Overactive Bladder and Cycling

author : AMSSM
comments : 1

Member Question from justmike

"I think I might be having some overactive bladder issues caused by my bike seat.

For the last year I've been dealing with an overactive bladder issue that seems to be getting worse over the last year.  I'm a 33 year old healthy male.  I put it off for a long time, but having to go frequently was sort of interrupting my work life. 

Finally, I went to the Dr to get it checked out.  He ordered blood work and looked for diabetes, prostate problems, etc.  He didn't really find anything.  All the tests came back fine and he started me on Vesicare.  The drug makes things much better, but it's still rather annoying.  I've been on the medication about four months now.

A few weeks ago I went on vacation and lost my medication in a luggage snafu.  The first two days without it were unpleasant, but three days into my vacation it was like my bladder issues just went away.  I was fine, without the medication. 

Now that I'm back home, things are back to normal. 

The only difference I can think of is that during vacation I didn't have access to a bike.  It was a 8 day complete break from cycling. 

I'm currently using an ISM Adamo Road, which is actually supposed to be good for this type of thing, I thought.  I can't really stop riding, but I'm thinking I may need to try a different saddle.  Thoughts?" 

Answer from Andrew Getzin, MD
MemberAMSSM 

I  am sorry to hear that you are having overactive bladder issues.  It is not uncommon to have genitourinary symptoms caused by prolonged contact with the bike seat.  These symptoms can include numbness and tingling, erectile dysfunction, hematuria (blood in the urine), overactive bladder, and even a transitory decrease in sperm production.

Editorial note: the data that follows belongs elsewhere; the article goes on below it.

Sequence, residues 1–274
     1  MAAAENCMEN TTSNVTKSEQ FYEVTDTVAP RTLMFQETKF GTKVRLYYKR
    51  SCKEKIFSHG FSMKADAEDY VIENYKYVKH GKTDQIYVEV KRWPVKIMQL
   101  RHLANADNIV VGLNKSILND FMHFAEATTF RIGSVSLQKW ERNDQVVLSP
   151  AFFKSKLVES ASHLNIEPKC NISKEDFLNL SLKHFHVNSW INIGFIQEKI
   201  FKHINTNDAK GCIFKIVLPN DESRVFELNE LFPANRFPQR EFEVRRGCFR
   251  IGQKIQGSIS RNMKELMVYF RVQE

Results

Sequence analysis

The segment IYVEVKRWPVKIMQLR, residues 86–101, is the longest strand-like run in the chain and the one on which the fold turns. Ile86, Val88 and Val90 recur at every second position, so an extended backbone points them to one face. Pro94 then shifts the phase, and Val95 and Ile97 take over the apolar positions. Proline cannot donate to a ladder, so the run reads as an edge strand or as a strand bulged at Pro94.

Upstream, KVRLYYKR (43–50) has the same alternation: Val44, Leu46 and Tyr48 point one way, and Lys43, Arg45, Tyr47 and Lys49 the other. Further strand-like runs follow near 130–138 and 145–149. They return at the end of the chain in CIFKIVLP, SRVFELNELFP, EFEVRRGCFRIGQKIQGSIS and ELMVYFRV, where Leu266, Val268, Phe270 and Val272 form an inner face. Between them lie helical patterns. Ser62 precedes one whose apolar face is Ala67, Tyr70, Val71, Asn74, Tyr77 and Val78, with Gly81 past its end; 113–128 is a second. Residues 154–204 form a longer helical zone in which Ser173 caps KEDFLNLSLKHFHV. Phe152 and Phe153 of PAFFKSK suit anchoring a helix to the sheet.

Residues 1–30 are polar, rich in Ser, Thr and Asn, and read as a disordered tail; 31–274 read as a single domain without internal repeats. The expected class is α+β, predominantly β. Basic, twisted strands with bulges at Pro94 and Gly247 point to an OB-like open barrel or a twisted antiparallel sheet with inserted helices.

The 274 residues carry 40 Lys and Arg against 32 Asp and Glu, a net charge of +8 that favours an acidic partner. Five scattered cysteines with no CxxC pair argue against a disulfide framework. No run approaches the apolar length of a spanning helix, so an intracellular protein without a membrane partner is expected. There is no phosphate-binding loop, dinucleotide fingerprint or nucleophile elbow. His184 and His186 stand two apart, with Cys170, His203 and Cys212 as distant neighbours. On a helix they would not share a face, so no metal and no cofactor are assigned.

Urine is produced when the blood is filtered by the kidneys.  The byproduct enters the bladder via a long tube from each kidney called the ureter.  The role of the bladder is to store urine until it reaches a level of sufficient filling which then stimulates the detrussor (the bladder muscle).  Contraction of the detrussor muscle expels the fluid from the bladder as urine.  Unfortunately, in some individuals, the detrussor muscle contracts prior to bladder filling.  Consequently, the individual experiences frequent urination, an urgency to urinate, and sometimes leakage of urine.

The first thing to determine is whether or not the increased urination is from biking and not from something else in life.  Were you taking a diuretic such as the caffeine in coffee that you were not taking while on vacation or since you got back?  Perhaps you were liberal with alcoholic beverages on vacation which dehydrated you.  You could also simply drink more fluids when home.

If in fact you do truly have an overactive bladder, there are several things that can help.  First, if you are wearing tri shorts to cycle, please consider wearing bike shorts which typically have a more padded chamois.  Second, physical therapy can often be helpful to teach you how to appropriately relax the muscles around the floor of the pelvis and bladder.  One of the physical therapists that I work with does an excellent job using ultrasound to give patients visual feedback.  Third, you might want to consider modifying the amount of liquids you consume while training.  In my experience, most athletes drink way more than they really need.  Fourth, it is important to gradually increase your saddle time to allow the perineum to adapt to the pressure.